with him, but perhaps it was on account of the younger brother's youth—he being only fourteen—that the boys remained a year longer at home, and did not go to Brunswick
until the beginning of the Sophomore year.
's college life was studious and modest.
He and Nathaniel Hawthorne
were classmates, having been friends rather than intimates, and Hawthorne
gives in his ‘Fanshawe’ a tolerably graphic picture of the little rural college.
Neither of the two youths cared much for field sports, but both of them were greatly given to miscellaneous reading; and both of them also spent a good deal of time in the woods of Brunswick
, which were, and still are, beautiful.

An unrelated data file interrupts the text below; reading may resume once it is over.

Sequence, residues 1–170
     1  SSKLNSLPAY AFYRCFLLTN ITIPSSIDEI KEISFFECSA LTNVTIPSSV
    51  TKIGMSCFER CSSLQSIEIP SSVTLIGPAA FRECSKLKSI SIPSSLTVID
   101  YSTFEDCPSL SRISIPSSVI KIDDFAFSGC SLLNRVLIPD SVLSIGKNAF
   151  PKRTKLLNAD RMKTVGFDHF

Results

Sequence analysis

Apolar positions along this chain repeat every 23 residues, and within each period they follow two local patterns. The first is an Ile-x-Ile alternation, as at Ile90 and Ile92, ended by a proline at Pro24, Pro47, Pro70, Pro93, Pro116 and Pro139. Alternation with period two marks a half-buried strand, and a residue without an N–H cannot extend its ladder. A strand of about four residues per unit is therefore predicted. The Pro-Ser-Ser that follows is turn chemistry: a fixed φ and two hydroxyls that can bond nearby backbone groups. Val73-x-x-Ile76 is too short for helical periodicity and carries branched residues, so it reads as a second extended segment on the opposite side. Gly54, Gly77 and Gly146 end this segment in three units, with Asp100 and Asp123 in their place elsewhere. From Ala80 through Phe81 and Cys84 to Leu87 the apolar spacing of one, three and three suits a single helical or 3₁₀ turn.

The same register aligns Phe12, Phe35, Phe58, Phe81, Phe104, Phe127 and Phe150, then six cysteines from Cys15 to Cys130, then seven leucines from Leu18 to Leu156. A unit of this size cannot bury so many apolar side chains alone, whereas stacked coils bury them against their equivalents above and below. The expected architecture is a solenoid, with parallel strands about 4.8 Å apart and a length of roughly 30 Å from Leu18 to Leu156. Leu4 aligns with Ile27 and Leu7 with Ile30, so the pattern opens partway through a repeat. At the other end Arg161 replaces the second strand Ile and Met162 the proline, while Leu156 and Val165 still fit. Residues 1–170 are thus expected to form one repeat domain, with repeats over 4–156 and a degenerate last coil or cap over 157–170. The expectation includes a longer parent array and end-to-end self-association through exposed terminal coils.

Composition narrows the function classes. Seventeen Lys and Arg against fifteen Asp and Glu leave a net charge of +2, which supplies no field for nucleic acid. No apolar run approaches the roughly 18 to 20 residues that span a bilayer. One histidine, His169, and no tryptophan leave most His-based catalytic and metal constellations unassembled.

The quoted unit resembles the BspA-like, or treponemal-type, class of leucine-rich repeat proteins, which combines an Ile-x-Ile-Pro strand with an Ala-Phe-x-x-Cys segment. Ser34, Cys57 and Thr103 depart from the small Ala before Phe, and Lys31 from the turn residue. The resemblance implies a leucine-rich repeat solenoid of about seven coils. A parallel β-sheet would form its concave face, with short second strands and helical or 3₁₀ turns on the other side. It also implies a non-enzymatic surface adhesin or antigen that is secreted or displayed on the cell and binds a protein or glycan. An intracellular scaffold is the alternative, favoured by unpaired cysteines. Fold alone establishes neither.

pursued the appointed studies, read poetry, was fond of Irving
, and also of books about the Indians, an experience which in later life yielded him advantage.
It is just possible that these books may have revived in him a regret expressed in one of his early college letters that he had not gone to West Point
instead of Bowdoin
,—some opportunity of appointment to the military school, perhaps through his uncle, General Wadsworth
, having possibly been declined in his behalf.1
It is curious indeed to reflect that had he made this